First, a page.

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Logo of diabetesSubscribeSearchDiabetes JournalAmerican Diabetes Association
Diabetes. 2010 January; 59(1): 80–88.
Published online 2009 October 15. doi:  10.2337/db09-0988
PMCID: PMC2797948

Insulin Resistance Is Associated With Higher Intramyocellular Triglycerides in Type I but Not Type II Myocytes Concomitant With Higher Ceramide Content



We tested the primary hypotheses that sphingolipid and diacylglycerol (DAG) content is higher within insulin-resistant muscle and that the association between intramyocellular triglycerides (IMTG) and insulin resistance is muscle fiber type specific.


A nested case-control analysis was conducted in 22 obese (BMI >30 kg/m2) women who were classified as insulin-resistant (IR; n = 12) or insulin-sensitive (IS; n = 10), determined by hyperinsulinemic-euglycemic clamp (>30% greater in IS compared with IR, P < 0.01). Sphingolipid and DAG content was determined by high-performance liquid chromatography–tandem mass spectrometry. Fiber type–specific IMTG content was histologically determined. Gene expression was determined by quantitative PCR.


Total (555 ± 53 vs. 293 ± 54 pmol/mg protein, P = 0.004), saturated (361 ± 29 vs. 179 ± 34 pmol/mg protein, P = 0.001), and unsaturated (198 ± 29 vs. 114 ± 21 pmol/mg protein, P = 0.034) ceramides were higher in IR compared with IS. DAG concentrations, however, were similar. IMTG content within type I myocytes, but not type II myocytes, was higher in IR compared with IS subjects (P = 0.005). Insulin sensitivity was negatively correlated with IMTG within type I myocytes (R = −0.51, P = 0.026), but not with IMTG within type II myocytes. The proportion of type I myocytes was lower (41 vs. 59%, P < 0.01) in IR subjects. Several genes involved in lipid droplet and fatty acid metabolism were differentially expressed in IR compared with IS subjects.


Human skeletal muscle insulin resistance is related to greater IMTG content in type I but not type II myocytes, to greater ceramide content, and to alterations in gene expression associated with lipid metabolism.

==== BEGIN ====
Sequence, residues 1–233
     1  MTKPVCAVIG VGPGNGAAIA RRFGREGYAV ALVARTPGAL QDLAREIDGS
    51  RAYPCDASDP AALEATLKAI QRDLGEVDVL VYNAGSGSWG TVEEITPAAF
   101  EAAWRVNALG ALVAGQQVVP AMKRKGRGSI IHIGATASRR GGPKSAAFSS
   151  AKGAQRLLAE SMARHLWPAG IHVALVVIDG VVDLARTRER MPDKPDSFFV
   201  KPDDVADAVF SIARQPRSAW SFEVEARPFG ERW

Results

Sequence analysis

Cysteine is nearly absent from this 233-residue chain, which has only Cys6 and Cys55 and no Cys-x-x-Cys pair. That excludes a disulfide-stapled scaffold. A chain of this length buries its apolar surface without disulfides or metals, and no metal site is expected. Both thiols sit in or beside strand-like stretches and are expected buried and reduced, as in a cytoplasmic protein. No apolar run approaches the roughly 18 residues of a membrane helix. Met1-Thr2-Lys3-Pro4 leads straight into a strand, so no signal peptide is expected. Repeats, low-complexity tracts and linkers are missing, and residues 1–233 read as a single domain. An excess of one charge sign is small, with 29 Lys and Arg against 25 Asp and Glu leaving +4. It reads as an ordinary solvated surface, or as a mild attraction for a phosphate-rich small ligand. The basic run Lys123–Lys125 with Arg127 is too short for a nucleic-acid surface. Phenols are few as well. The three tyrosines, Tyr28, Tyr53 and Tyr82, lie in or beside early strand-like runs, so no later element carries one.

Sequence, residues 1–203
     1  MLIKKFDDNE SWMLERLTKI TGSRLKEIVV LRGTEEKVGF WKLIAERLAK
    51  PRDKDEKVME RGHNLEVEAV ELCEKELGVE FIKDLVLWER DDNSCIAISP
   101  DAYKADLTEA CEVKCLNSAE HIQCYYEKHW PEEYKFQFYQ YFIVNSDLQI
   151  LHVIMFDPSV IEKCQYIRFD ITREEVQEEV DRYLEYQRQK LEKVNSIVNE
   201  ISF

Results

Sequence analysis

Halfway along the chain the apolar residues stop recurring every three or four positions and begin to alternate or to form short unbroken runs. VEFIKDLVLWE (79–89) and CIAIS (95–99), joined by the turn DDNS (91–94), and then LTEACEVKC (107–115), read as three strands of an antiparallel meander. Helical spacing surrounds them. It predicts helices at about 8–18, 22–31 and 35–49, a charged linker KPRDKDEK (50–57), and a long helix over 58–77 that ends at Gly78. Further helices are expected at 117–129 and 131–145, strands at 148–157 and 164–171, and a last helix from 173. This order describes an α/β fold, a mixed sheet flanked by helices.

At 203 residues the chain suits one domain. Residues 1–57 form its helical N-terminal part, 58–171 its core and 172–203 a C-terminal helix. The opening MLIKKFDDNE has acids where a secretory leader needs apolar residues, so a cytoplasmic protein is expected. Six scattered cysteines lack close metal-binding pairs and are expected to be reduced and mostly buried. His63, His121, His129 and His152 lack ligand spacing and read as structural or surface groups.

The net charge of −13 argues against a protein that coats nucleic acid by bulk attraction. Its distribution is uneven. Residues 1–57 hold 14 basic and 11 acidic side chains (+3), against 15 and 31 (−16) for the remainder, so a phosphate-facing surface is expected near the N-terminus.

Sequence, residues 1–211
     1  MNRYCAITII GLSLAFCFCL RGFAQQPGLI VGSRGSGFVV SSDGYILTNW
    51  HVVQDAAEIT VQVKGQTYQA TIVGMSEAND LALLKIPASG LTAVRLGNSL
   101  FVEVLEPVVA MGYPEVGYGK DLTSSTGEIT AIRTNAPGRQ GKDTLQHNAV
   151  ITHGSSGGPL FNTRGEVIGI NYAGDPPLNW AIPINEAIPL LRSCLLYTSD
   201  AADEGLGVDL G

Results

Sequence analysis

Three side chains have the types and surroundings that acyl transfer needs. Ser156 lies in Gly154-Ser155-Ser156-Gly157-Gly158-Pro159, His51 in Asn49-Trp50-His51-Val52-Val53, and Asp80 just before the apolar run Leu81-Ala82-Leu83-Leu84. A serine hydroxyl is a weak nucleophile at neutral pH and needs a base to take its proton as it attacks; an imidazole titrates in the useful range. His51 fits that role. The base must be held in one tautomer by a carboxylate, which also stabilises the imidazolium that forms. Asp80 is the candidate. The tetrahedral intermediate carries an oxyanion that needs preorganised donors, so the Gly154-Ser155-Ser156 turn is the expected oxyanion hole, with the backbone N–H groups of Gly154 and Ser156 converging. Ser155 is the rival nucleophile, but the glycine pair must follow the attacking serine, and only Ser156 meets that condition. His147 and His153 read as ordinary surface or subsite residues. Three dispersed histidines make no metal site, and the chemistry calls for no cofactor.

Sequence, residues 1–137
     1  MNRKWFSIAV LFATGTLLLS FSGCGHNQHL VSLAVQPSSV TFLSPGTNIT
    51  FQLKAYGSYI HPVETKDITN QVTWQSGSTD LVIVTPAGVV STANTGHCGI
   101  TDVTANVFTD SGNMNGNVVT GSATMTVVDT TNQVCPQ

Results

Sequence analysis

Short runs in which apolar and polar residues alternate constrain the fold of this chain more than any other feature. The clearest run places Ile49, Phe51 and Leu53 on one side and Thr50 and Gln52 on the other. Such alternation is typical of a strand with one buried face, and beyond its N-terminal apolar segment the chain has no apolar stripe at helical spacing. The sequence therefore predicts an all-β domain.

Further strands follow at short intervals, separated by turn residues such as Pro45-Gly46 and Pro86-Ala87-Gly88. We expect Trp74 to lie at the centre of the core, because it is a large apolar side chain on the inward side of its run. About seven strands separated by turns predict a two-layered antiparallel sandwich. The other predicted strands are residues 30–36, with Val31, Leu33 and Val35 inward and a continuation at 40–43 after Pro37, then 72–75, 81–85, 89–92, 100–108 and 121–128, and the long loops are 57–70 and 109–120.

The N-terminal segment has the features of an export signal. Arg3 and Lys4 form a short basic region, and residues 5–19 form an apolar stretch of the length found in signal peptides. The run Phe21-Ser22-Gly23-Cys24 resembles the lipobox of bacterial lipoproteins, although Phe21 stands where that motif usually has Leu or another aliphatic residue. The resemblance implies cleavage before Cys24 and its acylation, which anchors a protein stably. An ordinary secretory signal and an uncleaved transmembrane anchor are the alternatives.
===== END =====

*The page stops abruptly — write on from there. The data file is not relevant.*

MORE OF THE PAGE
Skeletal muscle insulin resistance is a key factor in the development of type 2 diabetes, although the exact mechanisms that underlie insulin resistance in humans remain elusive. Considerable efforts have been made in the past several decades to better understand the role of impaired fatty acid metabolism in skeletal muscle insulin resistance (1,2). Many earlier studies, both in animal models (3) and in humans (4,5), indicated that intramyocellular triglyceride (IMTG) accumulation was associated with insulin resistance, thereby providing a potential link between dysregulated fatty acid metabolism and insulin resistance. However, it has become increasingly apparent that IMTGs do not directly confer insulin resistance but rather, under certain circumstances, likely provide a surrogate for other bioactive lipid metabolites within muscle such as sphingolipids (including ceramide) and diacylglycerol (DAG) (4,6).

Studies in animal and cell culture models indicate that sphingolipids and DAG can be key mediators of insulin resistance (79). However, a recent study of acute hyperlipidemia in rodents indicates that ceramide and DAG content are not associated with muscle insulin resistance (10). Furthermore, studies conducted in humans do not provide a firm consensus as to whether ceramides or DAGs are associated with muscle insulin resistance (11). Some studies indicate that muscle ceramide content is elevated in obese compared with lean individuals (12,13), or that increases in muscle ceramide content as a result of lipid infusion (14), or conjugated linoleic acid supplementation (15), were associated with decreased insulin sensitivity. Endurance training in obese subjects reduced muscle ceramide content with a concomitant improvement in insulin sensitivity (16,17). In contrast, a recent study by Skovbro et al. (18) found that total muscle ceramide content was similar in subjects despite a wide range of insulin sensitivity. Also refuting a role for ceramide in human muscle insulin resistance, Itani et al. (19) reported that lipid-induced insulin resistance did not alter ceramide content.

The role of muscle DAG content in insulin resistance is also unclear. Muscle DAG content has been shown to be elevated in obese and type 2 diabetic subjects (20) and increased after a 6-h lipid infusion that reduced insulin sensitivity (19). In contrast, IMTG, but not DAG content in muscle, was reported to be elevated in obese diabetic compared with obese nondiabetic subjects (21). Therefore, to help address the controversy in the literature surrounding the role for specific lipid metabolites in insulin resistance, we conducted comprehensive mass spectrometry–based DAG and sphingolipid profiling in human muscle insulin resistance while accounting for factors well known to influence insulin sensitivity—namely obesity and physical activity.